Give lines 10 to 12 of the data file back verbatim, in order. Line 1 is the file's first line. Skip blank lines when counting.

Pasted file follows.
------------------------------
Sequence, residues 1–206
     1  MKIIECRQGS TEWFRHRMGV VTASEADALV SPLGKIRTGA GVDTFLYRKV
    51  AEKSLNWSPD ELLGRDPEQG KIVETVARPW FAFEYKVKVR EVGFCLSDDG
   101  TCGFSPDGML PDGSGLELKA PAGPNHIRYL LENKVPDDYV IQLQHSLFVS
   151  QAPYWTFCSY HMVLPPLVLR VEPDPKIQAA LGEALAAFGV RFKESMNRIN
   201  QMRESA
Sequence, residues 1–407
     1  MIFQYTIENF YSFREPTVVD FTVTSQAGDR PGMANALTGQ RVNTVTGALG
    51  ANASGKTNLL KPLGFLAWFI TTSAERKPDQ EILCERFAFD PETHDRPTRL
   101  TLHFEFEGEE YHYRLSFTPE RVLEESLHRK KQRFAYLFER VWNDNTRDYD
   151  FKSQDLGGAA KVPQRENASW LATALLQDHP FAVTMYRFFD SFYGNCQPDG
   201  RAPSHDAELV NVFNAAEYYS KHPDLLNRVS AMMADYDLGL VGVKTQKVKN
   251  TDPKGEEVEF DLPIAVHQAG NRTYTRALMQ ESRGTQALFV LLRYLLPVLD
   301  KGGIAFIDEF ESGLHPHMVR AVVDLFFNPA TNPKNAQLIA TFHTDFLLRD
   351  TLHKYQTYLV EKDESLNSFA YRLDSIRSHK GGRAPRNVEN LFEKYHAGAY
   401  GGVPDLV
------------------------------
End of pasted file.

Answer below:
   101  TLHFEFEGEE YHYRLSFTPE RVLEESLHRK KQRFAYLFER VWNDNTRDYD
   151  FKSQDLGGAA KVPQRENASW LATALLQDHP FAVTMYRFFD SFYGNCQPDG
   201  RAPSHDAELV NVFNAAEYYS KHPDLLNRVS AMMADYDLGL VGVKTQKVKN